CaseCast™ – "What you need to know"
Brief Fact Summary. Defendant was charged with sexual assault after having engaged in sexual penetration of a girl with whom he was engaged in consensual kissing and heavy petting but whom had not consented to penetration. There was no evidence that Defendant used force other than that normally used to effect penetration.
Synopsis of Rule of Law. Any act of sexual penetration engaged in without the affirmative and freely given permission of the victim to the specific act of penetration constitutes sexual assault.
Furthermore, submission to a compelling force, or as a result of being put in fear, is not consent.View Full Point of Law
Issue. With regard to the crime of rape, is the element in rape of physical force met simply by an act of non-consensual penetration involving no more force than necessary to accomplish that act?
Held. Yes. Judgment of the Appellate Division reversed.
The New Jersey Supreme Court holds that any act of sexual penetration engaged in without the affirmative and freely-given permission of the victim to the specific act of penetration constitutes sexual assault, as it satisfies the definition of physical force under New Jersey law.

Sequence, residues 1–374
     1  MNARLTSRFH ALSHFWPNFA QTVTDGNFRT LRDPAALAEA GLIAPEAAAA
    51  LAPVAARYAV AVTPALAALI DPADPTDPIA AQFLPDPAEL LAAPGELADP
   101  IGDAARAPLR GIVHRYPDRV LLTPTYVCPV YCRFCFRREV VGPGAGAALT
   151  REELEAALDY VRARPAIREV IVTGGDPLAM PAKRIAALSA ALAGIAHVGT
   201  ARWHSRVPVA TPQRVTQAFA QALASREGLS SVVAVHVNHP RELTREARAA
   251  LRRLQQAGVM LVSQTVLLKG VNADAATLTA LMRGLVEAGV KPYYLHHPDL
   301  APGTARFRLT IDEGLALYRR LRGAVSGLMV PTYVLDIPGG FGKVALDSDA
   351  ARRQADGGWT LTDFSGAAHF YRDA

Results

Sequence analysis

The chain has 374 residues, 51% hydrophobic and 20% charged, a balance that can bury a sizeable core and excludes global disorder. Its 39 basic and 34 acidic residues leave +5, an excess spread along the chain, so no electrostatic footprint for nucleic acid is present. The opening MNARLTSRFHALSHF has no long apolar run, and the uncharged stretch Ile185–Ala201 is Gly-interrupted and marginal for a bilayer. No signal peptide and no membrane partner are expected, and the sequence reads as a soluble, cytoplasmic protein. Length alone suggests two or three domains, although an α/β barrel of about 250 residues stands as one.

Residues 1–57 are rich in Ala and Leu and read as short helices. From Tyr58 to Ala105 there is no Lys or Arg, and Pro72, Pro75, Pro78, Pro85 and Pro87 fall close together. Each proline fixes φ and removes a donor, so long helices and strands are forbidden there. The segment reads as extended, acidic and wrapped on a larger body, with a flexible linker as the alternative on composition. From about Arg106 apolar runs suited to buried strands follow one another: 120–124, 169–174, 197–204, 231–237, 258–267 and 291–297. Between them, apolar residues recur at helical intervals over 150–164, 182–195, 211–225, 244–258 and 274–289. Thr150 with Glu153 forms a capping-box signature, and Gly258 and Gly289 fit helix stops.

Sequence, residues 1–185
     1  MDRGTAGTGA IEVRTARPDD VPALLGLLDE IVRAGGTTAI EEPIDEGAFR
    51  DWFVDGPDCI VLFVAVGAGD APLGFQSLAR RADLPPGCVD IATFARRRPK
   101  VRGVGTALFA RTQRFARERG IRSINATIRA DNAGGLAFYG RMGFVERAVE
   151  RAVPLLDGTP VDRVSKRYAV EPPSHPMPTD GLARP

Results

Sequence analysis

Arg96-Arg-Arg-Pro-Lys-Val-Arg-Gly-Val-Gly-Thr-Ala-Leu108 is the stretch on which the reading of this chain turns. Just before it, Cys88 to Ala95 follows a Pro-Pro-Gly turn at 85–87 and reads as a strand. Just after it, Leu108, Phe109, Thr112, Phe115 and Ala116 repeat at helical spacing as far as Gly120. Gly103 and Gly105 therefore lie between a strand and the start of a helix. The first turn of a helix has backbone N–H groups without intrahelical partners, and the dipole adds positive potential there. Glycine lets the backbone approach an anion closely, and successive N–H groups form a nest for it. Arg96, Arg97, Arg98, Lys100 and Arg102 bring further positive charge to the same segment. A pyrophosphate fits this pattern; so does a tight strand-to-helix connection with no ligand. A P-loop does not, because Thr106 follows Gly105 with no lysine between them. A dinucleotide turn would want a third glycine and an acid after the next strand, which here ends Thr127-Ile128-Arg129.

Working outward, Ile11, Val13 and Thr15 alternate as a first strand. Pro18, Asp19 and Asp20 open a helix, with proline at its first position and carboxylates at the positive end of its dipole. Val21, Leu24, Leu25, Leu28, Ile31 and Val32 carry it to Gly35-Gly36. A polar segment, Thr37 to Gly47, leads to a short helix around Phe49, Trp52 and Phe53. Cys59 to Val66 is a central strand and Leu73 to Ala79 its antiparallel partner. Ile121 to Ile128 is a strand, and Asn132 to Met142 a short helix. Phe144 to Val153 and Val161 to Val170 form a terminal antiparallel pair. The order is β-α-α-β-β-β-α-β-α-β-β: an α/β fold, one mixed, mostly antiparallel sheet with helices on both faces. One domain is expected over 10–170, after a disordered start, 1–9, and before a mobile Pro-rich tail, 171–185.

Permission can be found in words or action that, when viewed in the light the circumstances, would demonstrate consent to a reasonable person. The victim does not have to demonstrate expressed non-consent or resistance.
This holding is based on the legislature’s purpose in enacting the law regarding rape and the court says that the legislature would not have wanted to decriminalize unauthorized sexual intrusions on the body of a victim by requiring a showing of force in addition to that entailed in the sexual contact itself.
Discussion. This case brings up the policy issue of whether or not extrinsic force should be a required in proving rape.